Shonda Rhimes proved long ago that she is a force to reckon with.
The growing influence she has had in television has not gone unrecognized and has resulted in a major boost for ABC’s Thursday night network ratings. However, more importantly, Rhimes -- who is the mastermind behind shows like "Scandal," "Grey's Anatomy" and "How To Get Away With Murder" -- has increased onscreen representation of diverse roles that were once overlooked and in doing so, has raised further awareness on issues related to LGBT, women and people of color.
Because of her stellar contributions to the medium, Rhimes was honored with the Ally for Equality award at this year’s annual Human Rights Campaign Gala in Los Angeles on Saturday.
After accepting the award, she delivered a searing speech and discussed why she decided to tell such a wide range of stories and how the direction she has taken with her shows is one that goes far beyond just diversifying television.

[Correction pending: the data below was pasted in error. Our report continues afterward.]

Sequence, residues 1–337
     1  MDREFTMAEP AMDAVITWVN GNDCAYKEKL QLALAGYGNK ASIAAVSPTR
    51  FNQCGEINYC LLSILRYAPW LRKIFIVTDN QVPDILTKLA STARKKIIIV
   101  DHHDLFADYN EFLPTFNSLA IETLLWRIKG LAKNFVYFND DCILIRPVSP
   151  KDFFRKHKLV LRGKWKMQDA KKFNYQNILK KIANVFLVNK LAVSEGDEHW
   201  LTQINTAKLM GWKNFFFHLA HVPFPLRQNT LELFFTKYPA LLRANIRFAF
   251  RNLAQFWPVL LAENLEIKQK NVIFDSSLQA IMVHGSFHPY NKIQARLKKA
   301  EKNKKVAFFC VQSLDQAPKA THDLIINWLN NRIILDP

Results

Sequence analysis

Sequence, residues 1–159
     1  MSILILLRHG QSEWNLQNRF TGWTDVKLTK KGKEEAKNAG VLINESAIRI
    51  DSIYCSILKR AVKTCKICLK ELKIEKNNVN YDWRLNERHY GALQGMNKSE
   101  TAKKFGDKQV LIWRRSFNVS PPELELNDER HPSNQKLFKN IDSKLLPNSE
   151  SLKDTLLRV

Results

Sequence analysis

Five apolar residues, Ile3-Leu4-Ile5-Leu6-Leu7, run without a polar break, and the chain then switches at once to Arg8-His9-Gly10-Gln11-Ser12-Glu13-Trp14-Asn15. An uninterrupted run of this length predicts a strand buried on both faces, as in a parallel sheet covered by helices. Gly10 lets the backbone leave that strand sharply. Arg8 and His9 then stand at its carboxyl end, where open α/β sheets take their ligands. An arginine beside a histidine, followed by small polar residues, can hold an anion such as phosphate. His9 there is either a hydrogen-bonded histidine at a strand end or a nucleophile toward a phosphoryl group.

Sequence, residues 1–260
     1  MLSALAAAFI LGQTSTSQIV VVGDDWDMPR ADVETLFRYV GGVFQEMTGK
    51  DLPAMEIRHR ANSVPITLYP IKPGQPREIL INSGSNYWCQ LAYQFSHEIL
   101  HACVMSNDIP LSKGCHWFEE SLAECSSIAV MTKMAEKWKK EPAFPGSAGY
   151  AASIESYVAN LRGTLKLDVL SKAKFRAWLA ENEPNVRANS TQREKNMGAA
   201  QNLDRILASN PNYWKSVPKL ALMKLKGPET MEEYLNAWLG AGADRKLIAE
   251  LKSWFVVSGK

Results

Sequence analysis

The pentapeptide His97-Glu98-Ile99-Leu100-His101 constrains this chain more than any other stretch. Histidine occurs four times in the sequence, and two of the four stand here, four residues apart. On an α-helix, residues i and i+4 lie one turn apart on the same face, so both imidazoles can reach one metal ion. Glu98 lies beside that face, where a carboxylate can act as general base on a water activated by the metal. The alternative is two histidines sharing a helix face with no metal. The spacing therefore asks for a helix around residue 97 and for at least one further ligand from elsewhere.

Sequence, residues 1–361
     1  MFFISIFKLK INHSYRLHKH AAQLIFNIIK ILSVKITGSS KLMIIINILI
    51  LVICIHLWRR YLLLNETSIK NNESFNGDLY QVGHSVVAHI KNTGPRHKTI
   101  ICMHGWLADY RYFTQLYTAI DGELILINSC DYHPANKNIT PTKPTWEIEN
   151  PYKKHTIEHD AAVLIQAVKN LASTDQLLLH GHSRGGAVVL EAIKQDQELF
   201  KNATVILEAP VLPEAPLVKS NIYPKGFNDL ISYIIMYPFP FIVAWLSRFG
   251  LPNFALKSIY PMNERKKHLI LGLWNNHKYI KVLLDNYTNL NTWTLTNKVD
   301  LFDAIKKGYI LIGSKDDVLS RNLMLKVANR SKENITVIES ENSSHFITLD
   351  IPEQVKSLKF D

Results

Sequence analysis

"I really hate the word 'diversity,' it suggests something…other. As if it is something…special. Or rare," Rhimes said. "As if there is something unusual about telling stories involving women and people of color and LGBTQ characters on TV."
"I have a different word: NORMALIZING. I’m normalizing TV."
Rhimes - who also received a Diversity Award during last year’s Directors Guild of America Awards -- went on to share why her approach to "normalizing" television speaks to her larger mission at hand: "Making TV look like the world looks."
"Women, people of color, LGBTQ people equal WAY more than 50% of the population. Which means it ain’t out of the ordinary. I am making the world of television look NORMAL," she said.
"The goal is that everyone should get to turn on the TV and see someone who looks like them and loves like them. And just as important, everyone should turn on the TV and see someone who doesn’t look like them and love like them. Because, perhaps then, they will learn from them."
Well said, Shonda, well said.
Read more of Shonda Rhimes' speech here.